Milwaukee Live Radar


Chances for rain will move in this afternoon through tonight. Starting Tuesday, warm southerly flow will allow for temperatures to increase throughout the week, with highs reaching the upper 60s by Thursday. Rain is likely Wednesday through Thursday, with thunderstorms possible on Thursday. #inwx

Indianapolis Radar

National Weather Outlook

National Radar Mosaic

12 Hour Precipitation

National Discussion and Travel Weather

By Ziegenfelder of the NWS

  • Heavy snow will produce multiple feet of snow for the Sierra Nevada
  • There is a slight risk of excessive rainfall over parts of Southern California

An upper-level low will slowly move southward along the West Coast through Tuesday into Wednesday morning, pushing a slow-moving cold front ahead of it through California as a stalled front remains across the Intermountain West. The upper-level low will aid in streaming a plume of moisture into Southern/Central California through Tuesday afternoon. These features are expected to lead to persistent precipitation for the Great Basin into California. Heavy snow will develop over higher elevations of the Sierra Nevada, producing snow measured in multiple feet. In lower elevations of coastal California, rain will continue through Tuesday morning. Rainfall amounts could be over 2 inches, which may cause scattered flooding and flash flooding in some locations. Urban areas and burn scars could particularly have these problems. A secondary surge of moisture will move into parts of Central California as rain returns to the Coastal Northern/Central California by Tuesday evening.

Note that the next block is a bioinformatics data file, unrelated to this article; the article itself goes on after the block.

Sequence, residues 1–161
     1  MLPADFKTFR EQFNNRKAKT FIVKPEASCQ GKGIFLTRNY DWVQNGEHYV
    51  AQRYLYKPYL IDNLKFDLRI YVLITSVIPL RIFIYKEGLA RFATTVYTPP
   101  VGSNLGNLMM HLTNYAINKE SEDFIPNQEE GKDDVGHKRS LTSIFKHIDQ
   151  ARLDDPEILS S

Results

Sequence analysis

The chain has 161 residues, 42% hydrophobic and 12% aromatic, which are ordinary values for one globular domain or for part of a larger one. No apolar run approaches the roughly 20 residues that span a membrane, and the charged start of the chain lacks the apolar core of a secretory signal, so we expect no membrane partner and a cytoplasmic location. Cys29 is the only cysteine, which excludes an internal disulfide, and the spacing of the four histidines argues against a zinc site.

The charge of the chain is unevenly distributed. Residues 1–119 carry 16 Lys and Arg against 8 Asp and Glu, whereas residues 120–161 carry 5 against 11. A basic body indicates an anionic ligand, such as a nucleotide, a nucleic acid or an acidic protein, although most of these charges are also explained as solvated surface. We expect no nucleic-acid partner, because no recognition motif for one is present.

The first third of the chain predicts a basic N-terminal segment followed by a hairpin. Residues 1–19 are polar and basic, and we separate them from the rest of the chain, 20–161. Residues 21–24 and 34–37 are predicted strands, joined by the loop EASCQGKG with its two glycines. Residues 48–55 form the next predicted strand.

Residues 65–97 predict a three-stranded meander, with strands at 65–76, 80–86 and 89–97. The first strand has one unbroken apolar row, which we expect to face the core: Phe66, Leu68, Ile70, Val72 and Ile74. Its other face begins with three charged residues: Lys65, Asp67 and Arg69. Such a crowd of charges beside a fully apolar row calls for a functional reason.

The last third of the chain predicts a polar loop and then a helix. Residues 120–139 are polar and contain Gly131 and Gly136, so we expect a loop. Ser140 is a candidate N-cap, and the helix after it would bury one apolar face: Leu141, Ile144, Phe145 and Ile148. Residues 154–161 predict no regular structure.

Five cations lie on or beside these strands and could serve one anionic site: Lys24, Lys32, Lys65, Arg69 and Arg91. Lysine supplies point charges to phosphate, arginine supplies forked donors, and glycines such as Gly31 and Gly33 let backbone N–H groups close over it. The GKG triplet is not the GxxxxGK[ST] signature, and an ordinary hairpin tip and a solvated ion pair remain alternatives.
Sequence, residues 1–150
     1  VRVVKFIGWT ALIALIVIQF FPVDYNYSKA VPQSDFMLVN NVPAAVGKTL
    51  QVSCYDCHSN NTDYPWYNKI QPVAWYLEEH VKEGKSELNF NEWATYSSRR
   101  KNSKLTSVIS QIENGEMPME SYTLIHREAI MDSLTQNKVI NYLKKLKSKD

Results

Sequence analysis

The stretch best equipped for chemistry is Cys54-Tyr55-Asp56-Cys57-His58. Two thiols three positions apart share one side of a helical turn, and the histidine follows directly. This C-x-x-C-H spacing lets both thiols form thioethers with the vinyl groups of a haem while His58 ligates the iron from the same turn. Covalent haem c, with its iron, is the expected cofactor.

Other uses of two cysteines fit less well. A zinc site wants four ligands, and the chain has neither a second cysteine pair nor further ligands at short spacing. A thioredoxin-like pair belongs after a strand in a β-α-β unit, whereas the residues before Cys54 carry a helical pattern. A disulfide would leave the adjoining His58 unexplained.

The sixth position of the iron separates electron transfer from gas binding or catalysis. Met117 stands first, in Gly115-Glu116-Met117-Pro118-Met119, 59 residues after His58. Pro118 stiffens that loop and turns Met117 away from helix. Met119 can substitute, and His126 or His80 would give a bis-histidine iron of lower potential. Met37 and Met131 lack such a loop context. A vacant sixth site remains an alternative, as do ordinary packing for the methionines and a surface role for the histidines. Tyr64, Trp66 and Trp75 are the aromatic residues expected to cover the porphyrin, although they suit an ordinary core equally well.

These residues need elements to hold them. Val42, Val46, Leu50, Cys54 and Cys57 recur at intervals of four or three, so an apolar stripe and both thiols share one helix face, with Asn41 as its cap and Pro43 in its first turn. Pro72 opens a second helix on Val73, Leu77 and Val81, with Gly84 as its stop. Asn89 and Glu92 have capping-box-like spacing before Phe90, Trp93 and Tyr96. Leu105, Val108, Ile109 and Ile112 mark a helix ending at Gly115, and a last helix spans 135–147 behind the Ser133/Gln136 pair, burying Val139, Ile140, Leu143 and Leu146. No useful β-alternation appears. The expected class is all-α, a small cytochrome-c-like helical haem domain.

A front will meander across the Southern Plains through the Lower Mississippi Valley and Southeast through Tuesday evening. Moisture from the Western Gulf of Mexico will stream northward over the Southern Plains into the Lower Mississippi Valley overrunning the front producing scattered showers and thunderstorms across those regions and northward. Rain amounts could reach over an inch across portions of Texas, Eastern Oklahoma, and Arkansas through Monday night, so there is some potential for isolated flash flooding. The Big Bend area of Texas can expect the possibility of severe thunderstorms Monday. Lighter rain is possible for the Tennessee Valley, Lower Ohio Valley, and the Southeast on Monday into Tuesday. Overnight Tuesday, showers and thunderstorm will expand northward into parts of the Central Plains and Middle Mississippi Valley. While rain and snow will develop over parts of the Upper Mississippi Valley into parts of the Upper Great Lakes overnight Tuesday into Sunday.

The snow will also move eastward across the Upper Great Lakes on Monday. Overnight Monday into Tuesday, snow and rain will move into New England exiting the area overnight Tuesday.

The Northern High Plains will remain below normal temperature-wise the next couple of days, though not quite as frigid as recently. The West Coast should also have high temperatures 10 to 20 degrees below average with the influence from the upper low. Today, the Central/Southern Plains will be cooler than normal, but should moderate on Monday. Meanwhile south of the front, the Gulf Coast states can expect warm temperatures, generally 10 to 15 degrees above average.